No Magic Bullet: A Social History of Venereal Disease in the United States since 1880

By Allan M. Brandt | Go to book overview

Preface

Thorns on the rose. The dark side of love. The risk of passion. Venereal diseases typically have been portrayed in such ways as these in the last hundred years. Sexually transmitted diseases are, indeed, a potential hazard of sexual intimacy, a persistent, troublesome, sometimes tragic irony of our time. This book is devoted to tracing the historical record of this distinctive set of infectious diseases from the late nineteenth century to the current epidemics of herpes and Acquired Immune Deficiency Syndrome (AIDS). It is my hope that an understanding of the past may help to inform our assessment of these contemporary health problems. We need to understand these diseases as social phenomena as much as we need to know more about them from a scientific stand- point. Only when we recognize that diseases have a history -- that they are more than discrete biological entities -- and that their causes are complex and varied, will we be able to address them effectively and humanely.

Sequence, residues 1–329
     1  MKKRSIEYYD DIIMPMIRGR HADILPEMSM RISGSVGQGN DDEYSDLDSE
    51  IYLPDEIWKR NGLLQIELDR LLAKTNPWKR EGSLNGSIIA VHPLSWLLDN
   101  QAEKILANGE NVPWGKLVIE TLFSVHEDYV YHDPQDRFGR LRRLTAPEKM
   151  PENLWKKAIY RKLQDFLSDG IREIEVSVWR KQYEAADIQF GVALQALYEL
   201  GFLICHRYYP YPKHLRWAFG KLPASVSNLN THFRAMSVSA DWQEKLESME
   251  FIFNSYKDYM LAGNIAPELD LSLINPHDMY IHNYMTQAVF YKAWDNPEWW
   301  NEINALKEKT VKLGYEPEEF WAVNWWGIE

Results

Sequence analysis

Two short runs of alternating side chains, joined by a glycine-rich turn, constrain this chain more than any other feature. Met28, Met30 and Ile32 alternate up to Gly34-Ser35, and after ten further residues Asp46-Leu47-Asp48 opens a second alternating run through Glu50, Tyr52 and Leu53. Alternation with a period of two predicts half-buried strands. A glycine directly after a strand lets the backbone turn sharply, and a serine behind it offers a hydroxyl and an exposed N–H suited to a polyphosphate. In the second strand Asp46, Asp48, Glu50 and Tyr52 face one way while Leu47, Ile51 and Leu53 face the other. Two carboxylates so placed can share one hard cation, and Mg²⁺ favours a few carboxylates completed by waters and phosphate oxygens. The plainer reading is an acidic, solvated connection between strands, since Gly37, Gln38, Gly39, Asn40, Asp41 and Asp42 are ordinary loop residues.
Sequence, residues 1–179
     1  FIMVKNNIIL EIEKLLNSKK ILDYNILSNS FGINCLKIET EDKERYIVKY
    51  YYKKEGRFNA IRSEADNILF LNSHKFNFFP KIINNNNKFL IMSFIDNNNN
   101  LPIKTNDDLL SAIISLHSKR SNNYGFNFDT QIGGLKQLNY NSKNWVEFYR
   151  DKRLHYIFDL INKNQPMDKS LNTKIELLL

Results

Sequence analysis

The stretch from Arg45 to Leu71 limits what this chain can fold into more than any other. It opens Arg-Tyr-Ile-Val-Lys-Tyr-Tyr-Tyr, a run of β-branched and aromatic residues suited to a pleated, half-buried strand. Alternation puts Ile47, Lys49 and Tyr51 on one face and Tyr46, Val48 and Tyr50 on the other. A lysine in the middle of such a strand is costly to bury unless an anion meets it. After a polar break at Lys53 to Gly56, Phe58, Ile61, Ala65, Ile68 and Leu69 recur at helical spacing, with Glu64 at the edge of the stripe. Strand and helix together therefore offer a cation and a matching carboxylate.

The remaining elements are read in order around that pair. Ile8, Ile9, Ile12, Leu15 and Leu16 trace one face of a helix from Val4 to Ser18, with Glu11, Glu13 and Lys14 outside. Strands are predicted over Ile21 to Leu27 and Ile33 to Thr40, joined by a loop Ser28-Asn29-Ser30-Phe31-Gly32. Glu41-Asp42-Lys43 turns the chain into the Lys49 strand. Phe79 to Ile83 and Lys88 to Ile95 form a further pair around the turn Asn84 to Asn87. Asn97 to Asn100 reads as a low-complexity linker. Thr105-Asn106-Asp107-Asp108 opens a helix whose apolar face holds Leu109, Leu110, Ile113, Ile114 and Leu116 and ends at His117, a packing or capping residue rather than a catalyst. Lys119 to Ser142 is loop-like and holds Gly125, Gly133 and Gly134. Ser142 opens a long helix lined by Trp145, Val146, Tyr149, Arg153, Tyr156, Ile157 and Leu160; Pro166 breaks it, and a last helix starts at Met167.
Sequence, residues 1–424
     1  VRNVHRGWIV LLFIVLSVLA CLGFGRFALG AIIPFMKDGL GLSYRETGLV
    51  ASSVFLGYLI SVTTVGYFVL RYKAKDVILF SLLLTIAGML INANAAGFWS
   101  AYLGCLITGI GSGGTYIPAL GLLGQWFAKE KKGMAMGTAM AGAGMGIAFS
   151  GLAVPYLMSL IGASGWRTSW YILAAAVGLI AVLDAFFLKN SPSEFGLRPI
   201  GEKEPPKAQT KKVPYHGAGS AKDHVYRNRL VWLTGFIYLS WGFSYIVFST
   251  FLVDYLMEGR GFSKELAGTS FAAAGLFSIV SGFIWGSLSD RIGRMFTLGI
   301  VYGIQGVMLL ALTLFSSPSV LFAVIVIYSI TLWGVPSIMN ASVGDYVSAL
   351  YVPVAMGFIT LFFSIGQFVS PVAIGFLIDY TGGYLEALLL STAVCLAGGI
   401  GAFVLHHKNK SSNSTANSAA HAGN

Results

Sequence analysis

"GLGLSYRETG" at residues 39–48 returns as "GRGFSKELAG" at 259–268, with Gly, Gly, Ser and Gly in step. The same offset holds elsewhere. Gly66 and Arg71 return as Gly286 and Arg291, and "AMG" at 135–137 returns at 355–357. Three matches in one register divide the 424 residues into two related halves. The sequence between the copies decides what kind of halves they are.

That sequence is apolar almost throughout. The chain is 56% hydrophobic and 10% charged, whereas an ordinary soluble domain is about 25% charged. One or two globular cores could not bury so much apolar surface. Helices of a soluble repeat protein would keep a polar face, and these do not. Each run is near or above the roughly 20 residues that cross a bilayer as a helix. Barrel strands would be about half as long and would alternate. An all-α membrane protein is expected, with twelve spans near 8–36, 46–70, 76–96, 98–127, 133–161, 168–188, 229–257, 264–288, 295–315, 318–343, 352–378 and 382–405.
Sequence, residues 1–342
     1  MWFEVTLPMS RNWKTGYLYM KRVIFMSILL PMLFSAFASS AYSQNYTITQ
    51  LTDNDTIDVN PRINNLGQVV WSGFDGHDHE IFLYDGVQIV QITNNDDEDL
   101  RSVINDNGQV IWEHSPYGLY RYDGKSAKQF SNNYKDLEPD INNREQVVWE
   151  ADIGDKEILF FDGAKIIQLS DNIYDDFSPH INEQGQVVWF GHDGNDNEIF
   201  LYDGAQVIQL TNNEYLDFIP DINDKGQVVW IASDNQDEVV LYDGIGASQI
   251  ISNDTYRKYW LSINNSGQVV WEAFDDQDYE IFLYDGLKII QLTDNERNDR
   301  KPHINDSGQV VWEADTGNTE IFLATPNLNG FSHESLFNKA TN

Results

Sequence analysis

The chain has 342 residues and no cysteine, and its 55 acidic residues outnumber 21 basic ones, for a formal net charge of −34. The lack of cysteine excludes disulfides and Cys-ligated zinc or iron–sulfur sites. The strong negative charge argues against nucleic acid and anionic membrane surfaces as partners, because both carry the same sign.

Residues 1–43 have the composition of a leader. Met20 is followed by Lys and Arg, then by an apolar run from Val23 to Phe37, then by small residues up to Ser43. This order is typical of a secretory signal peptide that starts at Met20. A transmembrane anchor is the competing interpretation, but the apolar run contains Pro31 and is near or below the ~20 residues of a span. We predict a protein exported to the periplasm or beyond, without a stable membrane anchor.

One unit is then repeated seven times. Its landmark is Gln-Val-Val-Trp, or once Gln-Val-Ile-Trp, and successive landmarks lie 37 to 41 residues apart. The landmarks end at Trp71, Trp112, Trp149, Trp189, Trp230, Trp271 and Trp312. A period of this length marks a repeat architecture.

I have incurred more than the typical number of debts over the years that I have worked on this book. Without the unfailing kindness of my family, friends, and colleagues this study would never have appeared. Financial support from Columbia University, the Mrs. Giles Whiting Foundation, the Rockefeller Archives Center, and Harvard University greatly eased the material burdens of this project.

Although for many years venereal diseases have been subject to secrecy and taboo, there is nevertheless a wealth of historical materials. I have been fortunate to work in a number of libraries and archives that preserved the substantive materials for this book. The Social Welfare History Archives Center of the University of Minnesota provided invaluable assistance. David Klaassen's historical and archival skills make this archive one of the finest to work in. Randy Wallach and William Wallach also provided generous assistance and guidance through these materials. The staffs of the Library of Congress, the National Archives, the Centers for Disease Control, the Rockefeller Archives Center, the

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